Now this is great storytelling! I had a fantastic time reading this book! It’s the typical trope of a single aunt raising her two nephews but what makes it unique is the cultural flavor of a Mexican family. I felt connected to the heroine Diana Casillas because her feelings about family were so similar to mine. Her mother sounds like my mother, because Latin America is a matriarchal culture, and all mothers are similar in their beliefs.
Apart from that, the author wrote a brilliant book. It’s a chronicle of the life of Diana and her nephews after she moved to a new neighborhood in Austin. Her nephews are Josh, eleven years old, who is very talented at baseball; and Louie, five years old, who loves Diana unconditionally, gives her many yummy hugs and asks for a story about his father every night. Diana has the help of her parents and the other grandparents in raising the kids. All that effort succeeded in making happy, secure kids.
Their new neighbor, Dallas, was not very nice and friendly in the beginning, but they grew on each other. As they knew each other better, the like grew, but Dallas was getting out of a bad marriage, and it made Diana hesitant to get too close. I got a kick of all the times Diana told Dallas she was not going to stick a hand down his pants LOL. Pivotal in their relation is how little Louie conquered Dallas’ affection first. Then Dallas was interested in Josh’s baseball talent, since he coaches an eleven year old baseball team. From all these interactions, Dallas got to know and fall in love with Diana and vice-versa.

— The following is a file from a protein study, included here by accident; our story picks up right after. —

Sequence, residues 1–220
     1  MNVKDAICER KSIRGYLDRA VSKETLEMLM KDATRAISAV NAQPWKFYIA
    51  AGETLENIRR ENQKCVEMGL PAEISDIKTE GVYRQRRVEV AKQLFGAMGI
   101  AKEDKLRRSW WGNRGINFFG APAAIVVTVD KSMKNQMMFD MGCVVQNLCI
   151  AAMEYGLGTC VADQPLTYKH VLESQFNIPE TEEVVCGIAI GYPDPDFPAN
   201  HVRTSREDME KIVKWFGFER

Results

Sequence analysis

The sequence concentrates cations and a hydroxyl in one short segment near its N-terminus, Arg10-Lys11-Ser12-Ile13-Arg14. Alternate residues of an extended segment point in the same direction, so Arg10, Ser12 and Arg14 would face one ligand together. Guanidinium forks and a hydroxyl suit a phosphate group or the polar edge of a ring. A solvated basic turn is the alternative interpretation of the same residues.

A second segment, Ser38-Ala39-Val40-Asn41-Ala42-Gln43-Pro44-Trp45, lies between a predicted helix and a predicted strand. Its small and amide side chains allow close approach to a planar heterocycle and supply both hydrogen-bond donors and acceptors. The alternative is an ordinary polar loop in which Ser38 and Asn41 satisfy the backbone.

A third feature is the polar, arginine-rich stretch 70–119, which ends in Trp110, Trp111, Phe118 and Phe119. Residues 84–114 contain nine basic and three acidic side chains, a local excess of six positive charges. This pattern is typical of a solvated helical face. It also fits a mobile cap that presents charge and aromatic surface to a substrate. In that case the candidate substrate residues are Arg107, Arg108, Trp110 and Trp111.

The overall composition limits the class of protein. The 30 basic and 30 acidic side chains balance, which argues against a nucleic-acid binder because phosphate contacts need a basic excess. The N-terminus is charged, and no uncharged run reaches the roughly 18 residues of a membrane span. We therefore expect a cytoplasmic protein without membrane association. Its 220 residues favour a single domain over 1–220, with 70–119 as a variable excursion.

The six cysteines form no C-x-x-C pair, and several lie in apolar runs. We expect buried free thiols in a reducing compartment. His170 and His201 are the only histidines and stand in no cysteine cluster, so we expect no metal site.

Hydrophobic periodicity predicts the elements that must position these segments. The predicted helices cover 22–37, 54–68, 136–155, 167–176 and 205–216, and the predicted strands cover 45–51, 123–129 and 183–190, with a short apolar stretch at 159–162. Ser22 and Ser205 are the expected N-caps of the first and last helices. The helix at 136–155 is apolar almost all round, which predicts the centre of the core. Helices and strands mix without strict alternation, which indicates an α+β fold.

Diana had her crazy and Dallas has his dysfunctional family, it was a match made in heaven. I loved the slow evolution of their love, how the author develops the characters in such detail that you feel you know them and understand their actions completely. Even though the book chronicles their lives after they move into their new house, it’s not a boring read, and it has a nice steady pace. The author peppers the narrative with lively events, some drama moments that actually make your heart hurt and made me cry, some funny moments, and an overall heart-warming story. I loved the many nicknames Diana calls her boys, like Joshy Poo and Louie Goo Goo, I felt they made the kids know how much she loved them. Diana was fierce in her love for these kids, another thing I loved and that is typical in our Spanish culture. This book is not heavy on sex, it’s heavy on feelings, and has some sexual tension but not a lot. Another thing I loved, because it was all about the story, which is how I like my books.